Alternative Patio Base
Made of high-density foam, interlocking paver-base panels provide a stable base for concrete pavers without the need to lug several tons of gravel to the site.
Despite the joists being half-buried in the ground, our grade-level deck has managed to last more than a couple of decades. A patio replacement sounds appealing, but this is a townhouse, and we can’t get an excavator or truck in there to remove soil or bring in the stone for the base, and there’s no room to build up—it’s already nearly level with the interior floor. We’d like to replace what’s there with an eye toward increased longevity. We were thinking of digging down a few inches by hand, then laying down landscape fabric and some crushed stone, installing new 2x PT joists, and topping it with composite decking. Do you think we could get another 20 years or more out of that assembly?
—Peter Eggers via email
Tony Blue, owner of Squared Away Contracting (@squaredawaycontracting) in Greenwich, N.Y., responds: The primary concern with another ground-level deck is the new pressure-treated lumber: Like your grandfather would say, it just isn’t what it used to be. The preservatives used in today’s residential-grade PT lumber aren’t as good at resisting decay as the old stuff, so the wood rots more quickly. And not all composite decking is equal, either—some products require lots of airflow to avoid becoming a breeding ground for mushrooms, and some can’t be used on decks that aren’t firmly anchored to ground footings and/or the building. Unlike wood, composite decking tends to be a bit floppy. As you noted, though, townhouses often don’t allow access for heavy equipment without damaging neighboring properties.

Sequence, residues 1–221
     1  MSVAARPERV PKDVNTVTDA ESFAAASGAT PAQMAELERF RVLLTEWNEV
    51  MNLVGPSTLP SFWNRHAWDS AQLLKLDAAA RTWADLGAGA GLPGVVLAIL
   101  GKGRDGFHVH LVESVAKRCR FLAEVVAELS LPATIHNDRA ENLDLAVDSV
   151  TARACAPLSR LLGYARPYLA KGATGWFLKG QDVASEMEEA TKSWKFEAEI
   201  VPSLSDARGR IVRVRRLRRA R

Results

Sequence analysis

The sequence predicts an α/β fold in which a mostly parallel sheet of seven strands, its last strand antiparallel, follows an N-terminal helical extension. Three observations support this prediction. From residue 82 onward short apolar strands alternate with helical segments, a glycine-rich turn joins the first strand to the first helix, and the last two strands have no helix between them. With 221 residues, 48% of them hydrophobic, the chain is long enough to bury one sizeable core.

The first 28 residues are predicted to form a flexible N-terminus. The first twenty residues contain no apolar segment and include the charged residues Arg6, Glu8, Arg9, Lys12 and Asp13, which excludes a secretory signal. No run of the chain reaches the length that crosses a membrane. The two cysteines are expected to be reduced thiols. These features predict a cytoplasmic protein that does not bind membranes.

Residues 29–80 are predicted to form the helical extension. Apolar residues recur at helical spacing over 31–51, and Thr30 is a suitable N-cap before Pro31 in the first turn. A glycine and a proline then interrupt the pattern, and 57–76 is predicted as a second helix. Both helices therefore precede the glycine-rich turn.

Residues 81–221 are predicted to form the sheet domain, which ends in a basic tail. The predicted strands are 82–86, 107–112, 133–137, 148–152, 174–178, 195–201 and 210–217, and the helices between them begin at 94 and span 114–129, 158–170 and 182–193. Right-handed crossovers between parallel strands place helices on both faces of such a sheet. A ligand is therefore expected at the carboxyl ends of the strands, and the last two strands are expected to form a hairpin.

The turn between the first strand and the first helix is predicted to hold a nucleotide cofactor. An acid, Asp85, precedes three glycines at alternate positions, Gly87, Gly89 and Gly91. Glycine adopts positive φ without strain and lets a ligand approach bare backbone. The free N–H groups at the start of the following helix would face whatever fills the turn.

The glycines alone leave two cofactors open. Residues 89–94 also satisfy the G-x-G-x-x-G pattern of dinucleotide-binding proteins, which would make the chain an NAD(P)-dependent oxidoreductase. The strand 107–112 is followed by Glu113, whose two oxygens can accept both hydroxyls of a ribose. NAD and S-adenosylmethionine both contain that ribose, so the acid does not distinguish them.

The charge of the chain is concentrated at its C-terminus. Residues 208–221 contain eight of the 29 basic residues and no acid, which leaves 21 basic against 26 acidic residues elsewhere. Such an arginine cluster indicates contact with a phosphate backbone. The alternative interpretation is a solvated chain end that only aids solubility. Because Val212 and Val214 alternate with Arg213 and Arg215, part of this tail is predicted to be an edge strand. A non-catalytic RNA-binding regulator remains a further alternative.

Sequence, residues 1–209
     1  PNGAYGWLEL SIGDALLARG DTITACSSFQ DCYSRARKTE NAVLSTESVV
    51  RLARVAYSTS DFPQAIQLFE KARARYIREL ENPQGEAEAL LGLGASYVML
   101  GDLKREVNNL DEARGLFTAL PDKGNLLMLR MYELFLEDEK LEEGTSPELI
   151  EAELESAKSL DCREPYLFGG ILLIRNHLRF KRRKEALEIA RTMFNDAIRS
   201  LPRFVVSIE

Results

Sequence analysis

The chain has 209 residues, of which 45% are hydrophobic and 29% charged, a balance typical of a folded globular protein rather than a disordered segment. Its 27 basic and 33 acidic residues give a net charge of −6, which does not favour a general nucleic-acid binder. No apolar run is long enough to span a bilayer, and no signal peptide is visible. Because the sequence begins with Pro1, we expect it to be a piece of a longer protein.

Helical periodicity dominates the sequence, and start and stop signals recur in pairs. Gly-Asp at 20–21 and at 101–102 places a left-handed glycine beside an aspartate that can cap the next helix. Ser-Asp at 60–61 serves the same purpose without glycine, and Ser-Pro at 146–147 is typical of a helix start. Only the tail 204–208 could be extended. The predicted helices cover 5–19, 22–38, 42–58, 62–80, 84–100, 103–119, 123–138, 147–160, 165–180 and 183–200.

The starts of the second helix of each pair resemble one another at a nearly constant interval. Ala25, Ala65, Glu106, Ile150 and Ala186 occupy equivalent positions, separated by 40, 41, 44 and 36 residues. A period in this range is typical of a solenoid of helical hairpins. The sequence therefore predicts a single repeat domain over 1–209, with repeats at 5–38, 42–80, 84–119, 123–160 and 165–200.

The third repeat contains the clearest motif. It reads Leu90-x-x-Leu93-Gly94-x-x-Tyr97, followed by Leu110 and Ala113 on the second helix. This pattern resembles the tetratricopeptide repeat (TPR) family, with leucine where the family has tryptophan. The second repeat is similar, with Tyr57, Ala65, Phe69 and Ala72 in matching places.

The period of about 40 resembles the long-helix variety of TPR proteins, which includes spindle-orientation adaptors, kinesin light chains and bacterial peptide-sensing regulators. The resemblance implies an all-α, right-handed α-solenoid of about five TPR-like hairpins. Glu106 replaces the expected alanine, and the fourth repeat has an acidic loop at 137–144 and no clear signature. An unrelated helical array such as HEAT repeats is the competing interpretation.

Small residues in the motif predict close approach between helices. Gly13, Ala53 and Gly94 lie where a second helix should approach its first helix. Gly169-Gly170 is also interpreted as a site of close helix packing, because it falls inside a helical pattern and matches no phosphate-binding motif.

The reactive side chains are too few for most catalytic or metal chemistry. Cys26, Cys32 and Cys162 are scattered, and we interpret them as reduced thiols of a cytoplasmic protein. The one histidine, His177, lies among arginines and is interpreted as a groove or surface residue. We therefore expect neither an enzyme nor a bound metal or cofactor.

With all this in mind, I’d recommend concrete pavers, which can be brought around the back of the property in a wheelbarrow. The standard patio base you know of— 6 in. of compacted gravel—can amount to several tons of material that would have to be moved without a truck. There’s a smarter way to accomplish this.
A handful of manufacturers make paver-base products out of high-density foam panels that lock together. They take the place of the gravel to provide a stable base for the pavers, but they’re light enough to carry around the house in your arms—in one trip for a modest-size patio. Gator Base is one I’ve installed, and it works well. It has built-in channels for drainage and is frost resistant. For the most part, the process is the same as a traditional paver installation, except for the substitution of the stone base.
First, excavate the top layer of soil by shovel and rake as needed. In your case, after removing the old deck, the area should already be free of vegetation, and it should be easy to move the soil. Use a laser level or stringline to pitch the area away from the house. Then use a plate compactor to tamp the soil firm and flat. A layer of drainable geotextile landscape fabric goes on top of that, followed by 3/4 in. of screeded and compacted sand. The Gator Base panels come next, and lock together with a tongue-and- groove system. Although not in the instructions, I’ve found that tamping again at this stage helps even everything out. Then install the pavers, followed by plastic edging. After filling the joints between the pavers with polymeric sand, compact the whole thing one more time and wet the area to activate the sand. This doesn’t eliminate all the heavy moving, but it’s a practical way to get an affordable patio without ruining your back or the neighbors’ lawns.
From Fine Homebuilding #290